Woman to face trial following death of her husband 25 years ago
Published 20/02/2013 | 13:07
A WOMAN is to go on trial charged in connection with the death of her husband who was killed in an attack at his home in 1988.
Philomena Coton (59) was returned for trial after she had a book of evidence served on her at Dublin District Court today.
She is facing a charge of assault with intent to murder her then-husband, Christopher Payne, who died after he was attacked at his Crumlin home by a group of men armed with a hatchet. She is also charged with causing grievous bodily harm.
The accused, with an address at Stoke Aldermoor, Coventry is alleged to have committed the offences at 82 Rutland Grove, Crumlin, on May 13 1988. She was extradited from England to face the charges in January this year and was initially refused bail in the District Court, before it was granted by a High Court judge.
She denies both charges.
Judge Victor Blake gave her the formal alibi warning before returning her for trial to the current sittings of the Central Criminal Court.
This means she must notify the state of any alibi she intends to rely on in the course of her trial within 14 days.
The defendant, wearing an orange and cream-coloured jacket and black trousers stood throughout the brief proceedings and addressed the court only to nod and reply "yes" when the judge asked if she understood the alibi warning.
Judge Blake sent her forward on existing bail conditions, granted at the High Court.
Bail had been granted in her own bond of €500 and an independent surety of €5,000, of which €1,300 was to be lodged in cash.
A man called James Doyle had stood surety for her and was present in court along with a number of members of the accused's family and friends.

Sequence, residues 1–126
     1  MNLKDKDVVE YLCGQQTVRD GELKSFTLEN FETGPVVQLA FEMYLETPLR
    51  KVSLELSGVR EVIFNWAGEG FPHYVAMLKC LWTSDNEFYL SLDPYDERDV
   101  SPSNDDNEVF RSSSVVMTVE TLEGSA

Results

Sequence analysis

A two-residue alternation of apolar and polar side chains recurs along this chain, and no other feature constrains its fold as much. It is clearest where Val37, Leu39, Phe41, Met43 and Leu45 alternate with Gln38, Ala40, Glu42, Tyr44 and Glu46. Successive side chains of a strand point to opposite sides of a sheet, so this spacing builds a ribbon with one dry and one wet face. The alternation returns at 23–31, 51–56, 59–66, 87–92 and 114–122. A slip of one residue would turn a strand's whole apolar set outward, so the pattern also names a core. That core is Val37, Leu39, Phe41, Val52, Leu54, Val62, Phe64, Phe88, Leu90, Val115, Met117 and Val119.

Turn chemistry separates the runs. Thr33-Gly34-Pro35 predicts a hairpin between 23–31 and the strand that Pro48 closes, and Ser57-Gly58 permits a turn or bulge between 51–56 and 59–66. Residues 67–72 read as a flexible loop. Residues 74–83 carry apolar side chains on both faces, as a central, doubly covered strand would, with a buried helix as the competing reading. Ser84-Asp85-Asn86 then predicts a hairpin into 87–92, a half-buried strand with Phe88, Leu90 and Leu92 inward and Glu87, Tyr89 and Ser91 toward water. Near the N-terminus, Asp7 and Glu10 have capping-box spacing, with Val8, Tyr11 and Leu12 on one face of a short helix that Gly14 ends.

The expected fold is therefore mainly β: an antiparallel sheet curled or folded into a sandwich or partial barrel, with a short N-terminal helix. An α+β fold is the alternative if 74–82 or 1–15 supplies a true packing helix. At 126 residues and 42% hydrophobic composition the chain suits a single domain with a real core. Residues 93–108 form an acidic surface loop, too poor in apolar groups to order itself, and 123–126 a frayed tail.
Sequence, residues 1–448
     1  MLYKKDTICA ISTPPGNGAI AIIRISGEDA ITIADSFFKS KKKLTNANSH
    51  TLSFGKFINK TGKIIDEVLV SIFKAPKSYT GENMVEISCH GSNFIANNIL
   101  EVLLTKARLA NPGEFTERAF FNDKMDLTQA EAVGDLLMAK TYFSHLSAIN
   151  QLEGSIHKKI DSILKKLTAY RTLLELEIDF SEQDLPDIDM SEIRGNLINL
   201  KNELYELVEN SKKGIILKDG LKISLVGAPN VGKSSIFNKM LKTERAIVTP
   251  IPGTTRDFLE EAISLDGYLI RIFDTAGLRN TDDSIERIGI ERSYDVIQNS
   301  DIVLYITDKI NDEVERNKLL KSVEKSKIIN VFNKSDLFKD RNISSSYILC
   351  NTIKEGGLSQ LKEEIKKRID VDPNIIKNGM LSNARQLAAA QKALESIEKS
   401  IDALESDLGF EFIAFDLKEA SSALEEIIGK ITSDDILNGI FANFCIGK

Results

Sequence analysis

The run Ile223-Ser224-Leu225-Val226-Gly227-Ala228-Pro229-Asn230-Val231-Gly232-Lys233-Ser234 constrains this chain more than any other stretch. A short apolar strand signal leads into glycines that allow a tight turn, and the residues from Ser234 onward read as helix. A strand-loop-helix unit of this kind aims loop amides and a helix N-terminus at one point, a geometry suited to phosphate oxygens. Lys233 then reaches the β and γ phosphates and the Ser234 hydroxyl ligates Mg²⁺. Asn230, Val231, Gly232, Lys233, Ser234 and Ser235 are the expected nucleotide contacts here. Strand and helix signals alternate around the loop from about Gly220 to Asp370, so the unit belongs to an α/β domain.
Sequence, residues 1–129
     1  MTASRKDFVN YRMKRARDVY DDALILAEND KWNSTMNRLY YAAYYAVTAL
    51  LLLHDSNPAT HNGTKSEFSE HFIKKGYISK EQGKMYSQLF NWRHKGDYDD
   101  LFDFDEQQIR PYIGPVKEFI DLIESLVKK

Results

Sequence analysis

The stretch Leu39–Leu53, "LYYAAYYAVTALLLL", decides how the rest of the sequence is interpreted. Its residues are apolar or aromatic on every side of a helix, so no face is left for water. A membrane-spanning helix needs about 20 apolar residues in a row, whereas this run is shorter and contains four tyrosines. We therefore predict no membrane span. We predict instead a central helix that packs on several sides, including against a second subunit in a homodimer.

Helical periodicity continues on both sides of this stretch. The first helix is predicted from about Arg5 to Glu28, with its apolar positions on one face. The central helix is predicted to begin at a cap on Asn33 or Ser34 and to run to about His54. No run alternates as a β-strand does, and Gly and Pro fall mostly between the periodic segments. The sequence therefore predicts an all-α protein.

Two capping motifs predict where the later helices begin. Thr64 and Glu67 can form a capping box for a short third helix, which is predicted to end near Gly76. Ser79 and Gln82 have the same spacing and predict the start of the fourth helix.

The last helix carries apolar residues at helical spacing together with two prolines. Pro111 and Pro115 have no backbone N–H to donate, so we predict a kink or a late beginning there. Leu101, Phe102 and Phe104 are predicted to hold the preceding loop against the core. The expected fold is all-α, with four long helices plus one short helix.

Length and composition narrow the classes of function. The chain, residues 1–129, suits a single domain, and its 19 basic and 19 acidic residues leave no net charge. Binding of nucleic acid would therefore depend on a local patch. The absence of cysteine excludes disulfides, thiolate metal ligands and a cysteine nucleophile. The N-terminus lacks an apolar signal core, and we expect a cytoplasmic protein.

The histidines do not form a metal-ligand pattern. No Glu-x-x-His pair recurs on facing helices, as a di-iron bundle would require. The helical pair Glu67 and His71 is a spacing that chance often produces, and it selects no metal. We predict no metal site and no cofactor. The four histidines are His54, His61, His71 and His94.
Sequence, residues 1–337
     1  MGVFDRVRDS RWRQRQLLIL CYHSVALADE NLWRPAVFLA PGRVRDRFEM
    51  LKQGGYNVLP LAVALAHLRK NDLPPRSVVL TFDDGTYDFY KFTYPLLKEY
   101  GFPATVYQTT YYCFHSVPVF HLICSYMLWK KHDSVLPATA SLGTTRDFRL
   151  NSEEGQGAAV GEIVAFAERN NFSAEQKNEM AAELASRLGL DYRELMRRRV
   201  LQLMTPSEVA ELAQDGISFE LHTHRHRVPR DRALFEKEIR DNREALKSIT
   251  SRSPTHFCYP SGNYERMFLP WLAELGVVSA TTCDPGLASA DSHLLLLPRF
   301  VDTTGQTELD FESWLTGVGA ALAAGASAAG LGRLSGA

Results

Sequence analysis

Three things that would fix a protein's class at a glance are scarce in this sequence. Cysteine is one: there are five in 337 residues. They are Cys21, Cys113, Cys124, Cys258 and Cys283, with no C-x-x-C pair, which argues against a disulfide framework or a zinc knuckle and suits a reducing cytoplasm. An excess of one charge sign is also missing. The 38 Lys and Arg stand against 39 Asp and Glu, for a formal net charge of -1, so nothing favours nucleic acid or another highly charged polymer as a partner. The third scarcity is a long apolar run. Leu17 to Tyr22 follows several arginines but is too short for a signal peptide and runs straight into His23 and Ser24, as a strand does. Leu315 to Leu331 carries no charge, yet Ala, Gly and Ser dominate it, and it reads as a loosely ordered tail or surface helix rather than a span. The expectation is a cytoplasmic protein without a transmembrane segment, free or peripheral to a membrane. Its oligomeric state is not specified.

Among the bail terms are that she resides in Johnstown, Naas, Co Kildare and signs on at Naas Garda Station.
She must also surrender her passport and not apply for any other travel documents. Ms Coton is to have no contact with non-family member witnesses in the case under her bail conditions.
Legal aid was assigned after her solicitor, Joanna O'Connor said the accused's circumstances had not changed since her last court appearance.
Ms Coton had previously wept in court after telling gardaí "I'm innocent" when she was charged.
Mr Payne, who suffered from a chronic kidney ailment, was treated in hospital for serious head injuries sustained in the assault but never recovered; he died six months later, aged 38.
At a previous hearing, Detective Sergeant Daniel Kelly of Sundrive Road Garda station told Judge Blake that he arrested the accused on foot of a warrant at Dublin Airport. She was brought to Sundrive Road station where she was charged.
State solicitor Vincent Maloney had said the DPP directed that Mrs Coton should be tried on indictment. Ms Coton is the second person to face charges following a review of the investigation by the garda cold case unit.
In December 2011, her daughter 40-year-old Sharon Cullen, who now resides in Ballyjamesduff in Co Cavan, had also been charged with assault with intent to murder Christopher Payne, and assaulting him causing grievous bodily harm.
She has brought a High Court challenge aimed at halting her trial and contends she cannot get a fair trial due to the delay in prosecuting her.
In 1989, two youths were jailed for their role in the attack.